Doctors’ Day in Alabama, a project sponsored by the Medical Association of the State of Alabama and the Alabama Department of Public Health, is held in conjunction with National Doctors’ Day to celebrate physicians of all specialties serving in our communities.

“Physicians often lead patients and families through some of life’s most challenging moments,” said Mark Jackson, executive director of the Medical Association. “We wanted to have one day to thank our physicians for the work they do each day to make the health of our residents and our state better. The practice of medicine is a special calling, and we wanted to recognize that,” he said.

Montgomery radiologist Mark LeQuire had the opportunity to explain a more about the path to becoming a physician to a Today in Alabama morning news crew.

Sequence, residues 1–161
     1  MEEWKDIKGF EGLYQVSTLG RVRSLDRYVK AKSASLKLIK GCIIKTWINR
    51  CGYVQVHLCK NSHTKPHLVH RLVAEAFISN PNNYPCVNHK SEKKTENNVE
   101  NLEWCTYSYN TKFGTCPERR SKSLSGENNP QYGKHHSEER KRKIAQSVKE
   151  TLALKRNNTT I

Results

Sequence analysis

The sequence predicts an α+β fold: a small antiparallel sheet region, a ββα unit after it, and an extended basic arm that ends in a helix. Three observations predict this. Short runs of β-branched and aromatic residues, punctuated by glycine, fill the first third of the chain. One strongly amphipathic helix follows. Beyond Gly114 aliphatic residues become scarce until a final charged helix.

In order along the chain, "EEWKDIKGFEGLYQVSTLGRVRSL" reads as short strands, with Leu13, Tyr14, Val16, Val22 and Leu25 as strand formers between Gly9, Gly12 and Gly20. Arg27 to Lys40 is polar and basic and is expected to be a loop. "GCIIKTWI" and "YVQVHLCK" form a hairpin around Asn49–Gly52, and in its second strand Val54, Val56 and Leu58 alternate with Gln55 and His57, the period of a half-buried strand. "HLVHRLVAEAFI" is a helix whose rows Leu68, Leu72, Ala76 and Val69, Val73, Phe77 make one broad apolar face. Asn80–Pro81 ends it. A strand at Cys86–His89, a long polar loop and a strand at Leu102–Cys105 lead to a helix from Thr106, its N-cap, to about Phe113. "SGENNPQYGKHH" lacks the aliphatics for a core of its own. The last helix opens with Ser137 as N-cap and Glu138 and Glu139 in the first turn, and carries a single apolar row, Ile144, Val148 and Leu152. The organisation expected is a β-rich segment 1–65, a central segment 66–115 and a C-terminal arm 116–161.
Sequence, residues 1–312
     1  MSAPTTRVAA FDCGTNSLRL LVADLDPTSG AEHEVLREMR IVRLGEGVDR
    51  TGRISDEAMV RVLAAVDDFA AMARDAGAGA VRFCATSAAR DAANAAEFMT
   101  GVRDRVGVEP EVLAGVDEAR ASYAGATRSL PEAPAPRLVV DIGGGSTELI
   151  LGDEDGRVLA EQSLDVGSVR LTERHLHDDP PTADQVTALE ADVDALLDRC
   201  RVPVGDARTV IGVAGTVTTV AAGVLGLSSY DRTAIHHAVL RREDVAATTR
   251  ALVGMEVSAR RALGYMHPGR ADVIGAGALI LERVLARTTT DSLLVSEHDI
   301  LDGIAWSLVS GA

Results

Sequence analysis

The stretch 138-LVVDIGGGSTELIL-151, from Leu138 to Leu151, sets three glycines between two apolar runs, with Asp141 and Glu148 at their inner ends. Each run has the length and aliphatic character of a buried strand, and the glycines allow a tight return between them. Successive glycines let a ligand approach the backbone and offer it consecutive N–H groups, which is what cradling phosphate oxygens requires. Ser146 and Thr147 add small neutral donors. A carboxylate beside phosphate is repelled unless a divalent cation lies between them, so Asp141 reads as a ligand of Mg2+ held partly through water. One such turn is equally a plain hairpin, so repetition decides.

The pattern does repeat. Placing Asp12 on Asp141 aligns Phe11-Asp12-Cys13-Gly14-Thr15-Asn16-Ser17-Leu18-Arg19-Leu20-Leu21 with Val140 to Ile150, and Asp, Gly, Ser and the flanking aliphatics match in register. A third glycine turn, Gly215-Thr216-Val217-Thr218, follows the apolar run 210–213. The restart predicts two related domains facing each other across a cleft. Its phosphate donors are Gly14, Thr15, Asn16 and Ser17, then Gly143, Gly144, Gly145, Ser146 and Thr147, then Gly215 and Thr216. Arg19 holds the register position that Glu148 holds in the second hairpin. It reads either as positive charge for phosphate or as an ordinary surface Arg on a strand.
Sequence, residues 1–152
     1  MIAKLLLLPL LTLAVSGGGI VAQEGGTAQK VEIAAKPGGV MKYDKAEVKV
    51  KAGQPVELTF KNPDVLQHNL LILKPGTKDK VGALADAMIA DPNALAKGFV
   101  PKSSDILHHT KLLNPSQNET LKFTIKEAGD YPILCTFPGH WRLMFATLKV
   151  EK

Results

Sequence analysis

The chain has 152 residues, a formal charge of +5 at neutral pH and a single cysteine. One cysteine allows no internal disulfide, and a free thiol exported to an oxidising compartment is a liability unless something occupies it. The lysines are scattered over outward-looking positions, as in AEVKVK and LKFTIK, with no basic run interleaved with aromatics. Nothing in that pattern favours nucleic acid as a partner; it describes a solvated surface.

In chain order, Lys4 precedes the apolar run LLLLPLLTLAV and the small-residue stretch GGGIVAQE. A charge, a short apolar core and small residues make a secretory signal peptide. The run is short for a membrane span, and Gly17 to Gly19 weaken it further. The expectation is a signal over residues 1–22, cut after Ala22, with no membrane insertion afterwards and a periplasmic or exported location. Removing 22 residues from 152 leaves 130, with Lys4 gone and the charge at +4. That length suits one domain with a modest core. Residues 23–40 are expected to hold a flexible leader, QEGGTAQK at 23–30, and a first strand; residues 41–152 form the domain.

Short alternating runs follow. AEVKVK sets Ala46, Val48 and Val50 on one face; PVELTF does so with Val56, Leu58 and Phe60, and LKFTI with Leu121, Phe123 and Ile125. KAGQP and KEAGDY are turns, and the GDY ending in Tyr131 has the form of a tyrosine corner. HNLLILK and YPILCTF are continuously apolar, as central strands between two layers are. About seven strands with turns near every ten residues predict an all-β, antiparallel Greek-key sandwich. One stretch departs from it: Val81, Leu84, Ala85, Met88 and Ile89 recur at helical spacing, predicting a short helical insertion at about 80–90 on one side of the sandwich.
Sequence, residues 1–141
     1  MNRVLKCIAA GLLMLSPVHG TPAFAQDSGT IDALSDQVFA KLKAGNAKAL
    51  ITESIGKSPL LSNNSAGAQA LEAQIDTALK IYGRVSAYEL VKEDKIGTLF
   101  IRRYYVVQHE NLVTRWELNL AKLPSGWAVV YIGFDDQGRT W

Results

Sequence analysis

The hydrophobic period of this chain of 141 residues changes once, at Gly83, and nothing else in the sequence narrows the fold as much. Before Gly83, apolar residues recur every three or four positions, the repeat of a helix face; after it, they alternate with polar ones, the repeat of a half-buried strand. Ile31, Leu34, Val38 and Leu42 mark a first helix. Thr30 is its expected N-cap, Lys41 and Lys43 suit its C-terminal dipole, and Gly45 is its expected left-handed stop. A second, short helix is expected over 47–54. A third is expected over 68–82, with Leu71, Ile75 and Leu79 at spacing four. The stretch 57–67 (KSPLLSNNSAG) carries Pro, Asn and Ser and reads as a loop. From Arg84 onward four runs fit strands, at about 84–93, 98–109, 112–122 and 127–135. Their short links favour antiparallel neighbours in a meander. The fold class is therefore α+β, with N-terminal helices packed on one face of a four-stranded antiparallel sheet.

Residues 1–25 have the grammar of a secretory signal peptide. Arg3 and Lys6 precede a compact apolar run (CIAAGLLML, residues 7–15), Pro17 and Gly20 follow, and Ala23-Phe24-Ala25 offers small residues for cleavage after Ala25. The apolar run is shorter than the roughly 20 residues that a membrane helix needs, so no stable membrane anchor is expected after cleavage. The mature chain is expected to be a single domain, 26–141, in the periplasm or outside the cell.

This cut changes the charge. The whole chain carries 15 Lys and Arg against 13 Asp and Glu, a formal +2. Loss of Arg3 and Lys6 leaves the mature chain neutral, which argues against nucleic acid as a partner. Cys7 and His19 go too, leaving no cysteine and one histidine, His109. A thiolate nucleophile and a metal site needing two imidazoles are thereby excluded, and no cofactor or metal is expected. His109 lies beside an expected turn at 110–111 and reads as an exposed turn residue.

“Most people probably don’t realize the length of training that it takes to become a doctor. After four years of college, four years of medical school, five to seven years of training after that, and then the lifelong experience of training to become a good physician. But, it can be so much more. The concept I try to use in my practice is that of a physician-priest — to heal the body and soul of our patients and our communities as well. We are involved not only in the physical health of our patients but also in the wellness and well-being of our communities. You see that a lot more now with wellness centers in our communities. It’s more about the entire person and not just a body part,” radiologist Dr. LeQuire explained to WSFA-12 on March 31 as he toured the crew through his workspace at Baptist South in Montgomery.